Tuesday, April 13, 2010

Eight Dollars a Gallon . . . For Water

When I was growing up there were no disposable water bottles. You drank water from the tap at home. If you were away there were water fountains. At softball games someone would bring a cooler of a drink and cups. Ditto for picnics.

I ignored bottled water when they made their appearance—thinking them wasteful and expensive—until I had kids. Then I had to deal with the old “but everyone else uses them.” When I researched it, I found my gut was right.
Convenience may be a good argument for disposable water bottles, but drinking safer or better-tasting water is not. U.S. municipalities test their water and have among the safest in the world. (40% of bottled water comes from the tap anyway.) In blind taste tests, most people could not tell the difference between bottled water and municipal water.

Let’s look at convenience. Instead of grabbing a bottle of water, you’d have to fill a reusable water bottle. That’s it! For me, it’s worth that minor inconvenience in order to be a good steward of resources for my future grandchildren and great-grandchildren.

Bottle Water and Resource Use
 Much petroleum and water is used to make the plastic bottles themselves.
 17 million barrels of oil are used annually in the U.S to transport water bottles to their destinations—enough to fuel some 100,000 cars for a year.
 Discarded bottles are often littered or sent to landfills. Even the 20% that are recycled are actually “downcycled”—not used to make more water bottles, but other products like chairs and toys that can’t be recycled at the end of their life.
 It’s expensive! Drinking water from the tap (eight cups a day) might cost less than 50 cents a year. Compare that to how much one spends on water bottles. People complain about gasoline prices. The price of bottled water per gallon (based on $1.00 per one 16 oz. bottle) is $8.00 a gallon. From a tap, an average price is $ 0.002 per gallon.

Alternatives to disposable water bottles
 Use a water fountain.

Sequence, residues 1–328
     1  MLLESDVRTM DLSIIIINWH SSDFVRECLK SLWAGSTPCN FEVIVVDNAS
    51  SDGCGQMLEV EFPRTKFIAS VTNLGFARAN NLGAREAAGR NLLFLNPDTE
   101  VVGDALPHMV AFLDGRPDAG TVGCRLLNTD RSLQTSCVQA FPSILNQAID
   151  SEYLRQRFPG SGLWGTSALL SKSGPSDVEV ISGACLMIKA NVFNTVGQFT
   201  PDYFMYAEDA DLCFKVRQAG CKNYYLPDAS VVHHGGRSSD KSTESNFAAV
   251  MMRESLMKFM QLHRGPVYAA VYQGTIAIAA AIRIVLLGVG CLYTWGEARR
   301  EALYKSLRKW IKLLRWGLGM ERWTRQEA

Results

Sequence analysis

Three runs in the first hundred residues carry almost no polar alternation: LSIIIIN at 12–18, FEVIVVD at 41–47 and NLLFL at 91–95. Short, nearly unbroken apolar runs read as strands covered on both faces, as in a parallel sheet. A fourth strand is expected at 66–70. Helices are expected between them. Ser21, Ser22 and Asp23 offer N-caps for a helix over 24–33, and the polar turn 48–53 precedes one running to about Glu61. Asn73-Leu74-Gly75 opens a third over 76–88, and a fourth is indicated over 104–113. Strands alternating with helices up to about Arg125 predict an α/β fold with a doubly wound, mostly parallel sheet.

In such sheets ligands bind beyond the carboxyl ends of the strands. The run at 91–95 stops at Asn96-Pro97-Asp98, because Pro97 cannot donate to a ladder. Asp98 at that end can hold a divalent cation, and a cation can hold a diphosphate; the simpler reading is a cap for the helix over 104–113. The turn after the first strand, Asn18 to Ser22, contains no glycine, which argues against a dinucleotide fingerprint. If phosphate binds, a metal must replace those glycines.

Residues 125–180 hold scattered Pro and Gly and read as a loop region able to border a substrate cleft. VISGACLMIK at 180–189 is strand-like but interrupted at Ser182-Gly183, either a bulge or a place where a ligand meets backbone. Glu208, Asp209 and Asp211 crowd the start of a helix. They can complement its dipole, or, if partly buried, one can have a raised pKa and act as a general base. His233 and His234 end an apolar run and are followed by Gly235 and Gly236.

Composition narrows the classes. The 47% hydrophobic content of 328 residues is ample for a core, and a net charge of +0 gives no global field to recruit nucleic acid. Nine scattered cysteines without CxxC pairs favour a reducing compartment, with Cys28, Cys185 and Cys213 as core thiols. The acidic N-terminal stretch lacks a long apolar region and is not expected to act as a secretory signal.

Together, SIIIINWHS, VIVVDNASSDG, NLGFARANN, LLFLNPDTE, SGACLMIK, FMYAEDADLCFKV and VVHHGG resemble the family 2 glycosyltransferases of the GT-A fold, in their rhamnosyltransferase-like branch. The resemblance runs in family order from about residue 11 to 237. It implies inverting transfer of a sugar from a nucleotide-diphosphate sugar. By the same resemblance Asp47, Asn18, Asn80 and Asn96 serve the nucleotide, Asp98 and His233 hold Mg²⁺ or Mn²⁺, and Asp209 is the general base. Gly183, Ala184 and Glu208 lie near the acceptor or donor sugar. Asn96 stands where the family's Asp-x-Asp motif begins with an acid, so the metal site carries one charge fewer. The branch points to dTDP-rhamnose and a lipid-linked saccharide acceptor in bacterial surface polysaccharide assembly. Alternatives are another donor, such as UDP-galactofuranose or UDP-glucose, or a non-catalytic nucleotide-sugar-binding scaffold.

 Carry reusable water bottles, such as stainless steel ones made by Klean Canteen or SIGG.
 For meetings, use pitchers of tap water.

For tips on breaking the water bottle habit, go to the Center for a New American Dream: http://www.newdream.org/water/index.php


  1. my husband used to love to buy Italian sparkling water. It brought back memories of our time there and didn't cost much more than regular soda water. But then we found out how bad it was to have barges and container ships carrying tons of this water to us, in plastic and glass containers. He rarely buys them now, we both feel much too guilty.

  2. I couldn't agree with you more, for all the reasons you gave, and then some. Now, how to convince the younger (that is, not retired) set! First, let's advocate for more water fountains in public and corporate places, and for school fountains that work better. Just before our grassroots group hosted our 3rd annual Earth Day Fair event at our local middle school, they (coincidentally?) replaced their badly-functioning fountain in the Cafeteria with a new crisp, cold water fountain!

  3. I agree. Here in FL however, tap water has much too much chlorine in it, especially in the summer when they have to "make it safe." I don't buy bottled water, but I do filter it. I'm happy to say that I've convinced a few co-workers to give up buying the bottled water. For those who still think bottled water is better for you -- check out this website from Annie Leonard (who did the Story of Stuff): http://storyofstuff.org/bottledwater/